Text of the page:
In 2004 Phil Cox and Daoud Hari were the first video journalists to cover the bitter Darfur conflict that drew the attention of the worlds media and was labelled a genocide. But more than a decade later,  Darfur had become a media ‘black hole’, with years having passed without any independent journalist being granted access. So in 2016  Phil decided to track down his old desert friend Daoud to New York City where Daoud had found asylum and was driving a Yellow Cab.


With international sanctions against Sudan about to be lifted and recent allegations of chemical weapons attacks against civilians by the government, both Phil and Daoud decided to go back into Darfur to investigate human rights abuses.  After crossing covertly from Chad and moving with small rebel groups, the team discovered that  the Sudanese government was offering a bounty of $250,000USD for their capture. They evaded pursuing forces for weeks, but Daoud and Phil were eventually kidnapped and held by militias. Despite being held in captive and in chains, the team managed to surreptitiously film their kidnap ordeal and hide the footage on them before being sold onto the Sudanese Government.


Daoud and Phil then endured 40 days  brutal imprisonment and torture in cage cells in Khartoum. Both filmmakers devised ways to survive captivity and the interrogations and after concerted efforts by the UK and US governments, they were released in early 2017.  The resulting story tells of an attempt by two driven journalists, one English and one Sudanese, to report in today’s Darfur. Their journey reveals their friendship and commitment to continue filming in the face of great adversity and risk. Through innovative animations and testimonies, this documentary offers an insight into a hidden Sudan where the government hunts independent voices and uses systematic torture and imprisonment of journalists as well as many of its own citizens. It is the first independent report out of Darfur for many years.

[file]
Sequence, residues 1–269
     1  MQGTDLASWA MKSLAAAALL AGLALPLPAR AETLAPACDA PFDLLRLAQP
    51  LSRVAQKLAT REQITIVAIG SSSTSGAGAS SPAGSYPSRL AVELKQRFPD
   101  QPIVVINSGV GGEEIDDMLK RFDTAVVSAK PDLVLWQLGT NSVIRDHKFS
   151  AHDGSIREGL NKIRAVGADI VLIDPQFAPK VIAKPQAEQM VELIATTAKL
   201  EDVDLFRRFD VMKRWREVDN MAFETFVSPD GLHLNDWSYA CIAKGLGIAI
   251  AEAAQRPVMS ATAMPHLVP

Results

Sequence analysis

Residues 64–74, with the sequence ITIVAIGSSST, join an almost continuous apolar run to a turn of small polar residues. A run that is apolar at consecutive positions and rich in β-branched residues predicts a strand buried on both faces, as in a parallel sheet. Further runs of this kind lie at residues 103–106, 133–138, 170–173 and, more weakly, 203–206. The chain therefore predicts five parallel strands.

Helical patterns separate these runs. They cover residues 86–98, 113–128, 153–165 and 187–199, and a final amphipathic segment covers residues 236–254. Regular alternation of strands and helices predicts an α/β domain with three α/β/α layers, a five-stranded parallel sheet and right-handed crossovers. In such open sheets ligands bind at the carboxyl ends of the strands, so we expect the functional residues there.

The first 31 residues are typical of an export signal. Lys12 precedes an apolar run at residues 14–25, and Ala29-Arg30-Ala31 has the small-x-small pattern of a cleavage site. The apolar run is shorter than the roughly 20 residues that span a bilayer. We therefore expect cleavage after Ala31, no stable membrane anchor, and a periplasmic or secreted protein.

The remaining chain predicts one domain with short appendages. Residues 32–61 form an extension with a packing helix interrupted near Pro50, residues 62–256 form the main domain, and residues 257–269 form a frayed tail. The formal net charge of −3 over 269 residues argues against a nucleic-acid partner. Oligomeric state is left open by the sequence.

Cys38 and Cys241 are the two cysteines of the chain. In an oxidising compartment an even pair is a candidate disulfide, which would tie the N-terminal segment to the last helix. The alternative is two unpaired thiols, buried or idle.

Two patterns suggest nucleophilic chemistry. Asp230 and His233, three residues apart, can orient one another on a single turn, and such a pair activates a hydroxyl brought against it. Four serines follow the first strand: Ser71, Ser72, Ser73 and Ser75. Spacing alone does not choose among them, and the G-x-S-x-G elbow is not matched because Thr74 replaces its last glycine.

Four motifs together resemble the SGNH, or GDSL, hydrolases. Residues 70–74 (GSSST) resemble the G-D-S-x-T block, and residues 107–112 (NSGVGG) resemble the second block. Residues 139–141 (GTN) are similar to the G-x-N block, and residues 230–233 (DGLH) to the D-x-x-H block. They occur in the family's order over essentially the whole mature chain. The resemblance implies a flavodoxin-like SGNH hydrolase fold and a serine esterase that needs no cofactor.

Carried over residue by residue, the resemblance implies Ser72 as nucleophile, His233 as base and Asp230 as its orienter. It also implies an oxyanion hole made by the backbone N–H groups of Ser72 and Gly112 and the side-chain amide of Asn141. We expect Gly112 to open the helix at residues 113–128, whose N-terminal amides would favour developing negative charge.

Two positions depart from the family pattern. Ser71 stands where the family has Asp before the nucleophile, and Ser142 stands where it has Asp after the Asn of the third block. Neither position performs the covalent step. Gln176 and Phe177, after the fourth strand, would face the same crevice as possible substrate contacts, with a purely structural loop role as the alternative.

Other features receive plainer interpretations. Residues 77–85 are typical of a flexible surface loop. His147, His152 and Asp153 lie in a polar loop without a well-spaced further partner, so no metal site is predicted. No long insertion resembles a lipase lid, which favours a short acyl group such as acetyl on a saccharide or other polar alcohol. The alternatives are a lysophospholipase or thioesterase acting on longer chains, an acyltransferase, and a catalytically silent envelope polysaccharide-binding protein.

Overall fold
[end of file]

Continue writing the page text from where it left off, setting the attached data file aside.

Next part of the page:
A film by: Phil Cox, Daoud Hari, Giovanna Stopponi

Watch the film now on VICE
Read here the Guardian article by Phil Cox



Posted on

December 3, 2016